It can be hard to remember what it was like to be a little kid. If we consider the experience purely from a size perspective alone, we might be able to remember somewhat. Just the fact that the world is built for adults; chairs, drinking fountains, public bathroom stalls, the checkout counter; the world can be immense and overwhelming from a child-size perspective.
Finding ways to help empower our children helps them to not only navigate the obvious challenges of being a child, but it will also helps them to navigate the less noticeable. Like the moments when their own newly budding sense of self is questioned or they are faced with standing up for what they know is right.
Here are five ways to help empower your child:
Listen – Sometimes as parents we forget to listen. We are so busy and we are also so used to solving problems, but sometimes the best line of action is to listen. When we listen we demonstrate that what our kids have to say is of value, and that their voices matters.
Acknowledge – Listening and acknowledging are two very different actions. They are not the same thing, but I do believe they go together. When your child is sharing something with you, listening is the first step. We sit attentively and we hear what he has to say. Acknowledging is the next step. It can be as simple as ‘I’m sorry to hear that happened.’ Sometimes we, all of us, just need to be heard and acknowledged. Other times we need some insight or help. With our kids, Listen, acknowledge and in many cases, ask if they want your thoughts. When your child knows that she can come to you with an experience and won’t get a laundry list of ‘what to do’ or given marching orders on how to respond, it will help her to gain a stronger sense of self and for her to develop her own voice.
Respect Choices – It can be so difficult to let our kids make their own choices. Whether it’s your 3-year-old’s outfit she’s put together, or it’s your 10-year-olds decision to give up the drums; there are some choices that we just have to let our children make. As parents we need to have a mental checklist of what’s essential, which choices are non-negotiable, but after that we do need to find a way to let our kids shape their own lives. We also need to recognize that the types of choices will change as our children age. We have to remember to let our kids grow up. We can share our thoughts about why we would or would not make certain choices, but giving our kids the room to explore, to see what works and what doesn’t work all help to teach your child about living life. And after we make room for our kids’ choices, we also need to be standing by to help out if the choice doesn’t work out the way they had hoped. Things that I don’t quibble about –hair styles, clothing choices, certain words like ‘dude’ (although when he called his Dad ‘dude’ that was corrected) and ‘, how he spends his time (as long as I see balance).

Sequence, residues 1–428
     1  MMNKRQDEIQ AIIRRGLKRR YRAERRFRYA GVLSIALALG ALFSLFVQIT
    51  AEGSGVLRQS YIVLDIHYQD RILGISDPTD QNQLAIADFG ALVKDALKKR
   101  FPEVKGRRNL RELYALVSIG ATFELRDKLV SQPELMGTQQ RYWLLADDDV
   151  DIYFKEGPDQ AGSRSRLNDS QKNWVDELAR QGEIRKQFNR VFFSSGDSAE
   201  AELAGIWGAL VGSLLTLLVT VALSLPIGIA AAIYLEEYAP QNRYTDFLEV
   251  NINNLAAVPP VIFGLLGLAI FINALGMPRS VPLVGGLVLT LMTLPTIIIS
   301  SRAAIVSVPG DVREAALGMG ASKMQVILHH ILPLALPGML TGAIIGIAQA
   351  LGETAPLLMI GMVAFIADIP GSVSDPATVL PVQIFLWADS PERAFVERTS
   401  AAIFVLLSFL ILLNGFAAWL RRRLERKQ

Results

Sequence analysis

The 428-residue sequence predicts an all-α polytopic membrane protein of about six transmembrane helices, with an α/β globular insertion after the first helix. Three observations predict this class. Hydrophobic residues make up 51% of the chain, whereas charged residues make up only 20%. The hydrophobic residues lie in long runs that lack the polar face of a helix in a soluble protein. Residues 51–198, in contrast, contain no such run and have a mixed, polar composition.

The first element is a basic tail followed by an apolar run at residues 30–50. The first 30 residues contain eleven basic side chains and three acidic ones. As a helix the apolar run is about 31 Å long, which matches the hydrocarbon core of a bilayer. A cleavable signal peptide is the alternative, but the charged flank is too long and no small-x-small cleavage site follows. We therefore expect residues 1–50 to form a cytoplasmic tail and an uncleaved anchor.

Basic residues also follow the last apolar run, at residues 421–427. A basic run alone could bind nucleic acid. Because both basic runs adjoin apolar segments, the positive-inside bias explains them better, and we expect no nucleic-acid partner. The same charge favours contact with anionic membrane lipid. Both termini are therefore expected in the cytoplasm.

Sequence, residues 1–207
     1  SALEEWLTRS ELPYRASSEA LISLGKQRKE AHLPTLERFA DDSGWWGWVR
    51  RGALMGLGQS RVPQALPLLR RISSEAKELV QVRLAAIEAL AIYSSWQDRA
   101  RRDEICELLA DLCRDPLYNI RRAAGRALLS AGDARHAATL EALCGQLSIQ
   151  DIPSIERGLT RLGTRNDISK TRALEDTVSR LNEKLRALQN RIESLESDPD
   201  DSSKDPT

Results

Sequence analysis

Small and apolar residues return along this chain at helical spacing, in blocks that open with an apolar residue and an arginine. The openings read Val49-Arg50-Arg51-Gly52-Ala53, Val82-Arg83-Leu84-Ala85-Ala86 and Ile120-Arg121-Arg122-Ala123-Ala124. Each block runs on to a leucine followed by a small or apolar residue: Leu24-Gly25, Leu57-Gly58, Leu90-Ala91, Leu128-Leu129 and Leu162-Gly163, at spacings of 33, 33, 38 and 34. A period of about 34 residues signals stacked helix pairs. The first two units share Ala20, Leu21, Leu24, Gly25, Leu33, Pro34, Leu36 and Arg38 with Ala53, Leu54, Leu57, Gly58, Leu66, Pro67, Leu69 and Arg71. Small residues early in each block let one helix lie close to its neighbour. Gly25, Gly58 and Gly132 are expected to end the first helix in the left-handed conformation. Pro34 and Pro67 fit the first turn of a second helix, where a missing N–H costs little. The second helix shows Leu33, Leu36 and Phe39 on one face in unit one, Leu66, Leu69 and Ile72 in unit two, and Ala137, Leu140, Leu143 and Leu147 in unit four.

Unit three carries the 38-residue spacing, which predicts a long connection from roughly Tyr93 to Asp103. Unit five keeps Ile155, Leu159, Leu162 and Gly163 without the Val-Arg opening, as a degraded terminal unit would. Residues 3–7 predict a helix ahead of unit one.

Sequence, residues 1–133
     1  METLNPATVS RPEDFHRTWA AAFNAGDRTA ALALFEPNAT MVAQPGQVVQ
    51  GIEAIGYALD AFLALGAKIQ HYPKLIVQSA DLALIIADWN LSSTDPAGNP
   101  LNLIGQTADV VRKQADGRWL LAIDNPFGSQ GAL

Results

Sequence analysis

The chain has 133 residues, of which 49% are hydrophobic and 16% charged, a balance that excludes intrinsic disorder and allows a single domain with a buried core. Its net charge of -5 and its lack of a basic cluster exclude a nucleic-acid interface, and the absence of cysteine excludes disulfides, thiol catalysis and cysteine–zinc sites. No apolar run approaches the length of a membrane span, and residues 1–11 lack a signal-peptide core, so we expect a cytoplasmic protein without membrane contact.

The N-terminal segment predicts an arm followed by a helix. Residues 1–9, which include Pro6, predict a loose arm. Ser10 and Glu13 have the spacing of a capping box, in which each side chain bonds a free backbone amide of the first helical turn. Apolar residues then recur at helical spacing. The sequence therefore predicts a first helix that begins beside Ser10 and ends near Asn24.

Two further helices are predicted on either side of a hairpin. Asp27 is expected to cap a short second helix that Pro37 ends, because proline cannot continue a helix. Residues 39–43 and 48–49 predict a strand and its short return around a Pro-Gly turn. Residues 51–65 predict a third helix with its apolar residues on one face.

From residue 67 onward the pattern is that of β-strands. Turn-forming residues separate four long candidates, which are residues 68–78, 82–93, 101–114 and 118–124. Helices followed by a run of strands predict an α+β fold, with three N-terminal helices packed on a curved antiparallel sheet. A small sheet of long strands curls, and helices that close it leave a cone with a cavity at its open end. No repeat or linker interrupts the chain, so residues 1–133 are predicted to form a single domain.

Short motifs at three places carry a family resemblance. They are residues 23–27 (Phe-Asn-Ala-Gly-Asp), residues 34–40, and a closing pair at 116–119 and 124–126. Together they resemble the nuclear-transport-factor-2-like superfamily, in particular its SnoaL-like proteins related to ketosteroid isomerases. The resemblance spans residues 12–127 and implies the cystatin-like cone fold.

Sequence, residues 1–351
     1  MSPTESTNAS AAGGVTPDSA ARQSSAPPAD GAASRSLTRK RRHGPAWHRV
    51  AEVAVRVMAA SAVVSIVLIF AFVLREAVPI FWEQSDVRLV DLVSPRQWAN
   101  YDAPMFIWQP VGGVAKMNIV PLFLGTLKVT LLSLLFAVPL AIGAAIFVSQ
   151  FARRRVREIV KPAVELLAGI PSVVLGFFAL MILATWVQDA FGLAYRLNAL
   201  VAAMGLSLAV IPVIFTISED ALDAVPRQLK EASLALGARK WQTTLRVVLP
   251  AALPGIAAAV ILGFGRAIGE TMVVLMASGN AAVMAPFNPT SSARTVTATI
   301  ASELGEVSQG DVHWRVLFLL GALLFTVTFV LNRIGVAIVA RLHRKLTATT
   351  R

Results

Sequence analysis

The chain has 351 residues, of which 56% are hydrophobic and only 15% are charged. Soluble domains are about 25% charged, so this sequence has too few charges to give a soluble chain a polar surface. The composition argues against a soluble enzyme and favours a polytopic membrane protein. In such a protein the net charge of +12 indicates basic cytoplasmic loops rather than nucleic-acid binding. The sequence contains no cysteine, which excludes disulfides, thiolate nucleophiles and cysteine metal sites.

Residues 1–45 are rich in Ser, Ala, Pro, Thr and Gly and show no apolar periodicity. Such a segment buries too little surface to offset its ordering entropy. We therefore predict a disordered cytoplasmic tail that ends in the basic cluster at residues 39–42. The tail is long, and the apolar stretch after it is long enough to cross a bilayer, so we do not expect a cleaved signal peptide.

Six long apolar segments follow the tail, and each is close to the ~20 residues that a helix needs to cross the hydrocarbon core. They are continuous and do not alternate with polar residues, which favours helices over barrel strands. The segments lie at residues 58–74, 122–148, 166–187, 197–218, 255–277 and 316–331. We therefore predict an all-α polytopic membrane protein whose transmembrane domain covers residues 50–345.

Self-Validate – This should probably be at the top of the list. It is by far, in my opinion, the best tool to share with your child. When we can know from within that we matter, when we don’t need someone else or something else to confirm that belief, we are truly self-empowered. Anyone at any age can learn to self-validate, and yes, I believe we can start sharing this gift with infants. When a child does something great, our response is to say ‘that’s great, I’m so proud of you’, but by simply shifting the words to ‘that’s great, are you proud of yourself?’ you create a completely different dynamic. Instead of the moment being about you, it is about your child. I do believe it is oh-so- important to express our own celebration of our child’s accomplishments, but not in absence of teaching them to feel proud of themselves.
Encourage and Support – Encourage and support your child in discovering who they are. Help them explore likes and dislikes, help them to take risks that will move them beyond what they know. Be your child’s greatest champion in life and help them to become strong, certain and above-all-else, unique individuals.
As I was writing this I was reminded of a moment when Caidin was four. His Dad had said something to him and Caidin came to me and said ‘I don’t like that my Dad said this.’ I heard him, acknowledged him and responded with ‘I understand, but telling me won’t change anything. You might want to let your Dad know.’ Now the size disparity between Caidin and my husband was huge. I watched little tiny four-year-old Caidin walk up to his towering Dad and say ‘I don’t like that you said that to me.’ Chuck listened, acknowledged him and then told him why he had said what he said, and that was that. They hugged and both went back to whatever they were doing. In that one simple moment Caidin learned that his voice mattered. He wasn’t told he was right, his Dad didn’t apologize, but in the ability to say what he needed to say and to receive a response, he learned ‘my voice matters.’
Today I watch Caidin speak up for himself in ways that I never could, and he does it from a place of confidence rather than defense. He knows that it is his right to speak-up.
These five tips can help to foster a kind of certainty and confidence that will benefit your child today and beyond.
Help your child to be self-empowered, it is a lifelong gift.
© 2012 Christine Agro
Christine Agro is a clairvoyant, naturopath, Master Herbalist, conscious mom and author of 50 Ways to Live Life Consciously as well as of The Conscious Living Wisdom Cards (Special Moms’ Edition). Christine is founder of The Conscious Mom’s Guide, a membership site where she helps support you on your own journey of living life consciously and on your journey of being a Conscious parent. You can also join Christine on Facebook. To contact Christine or to schedule an appointment with her please email her.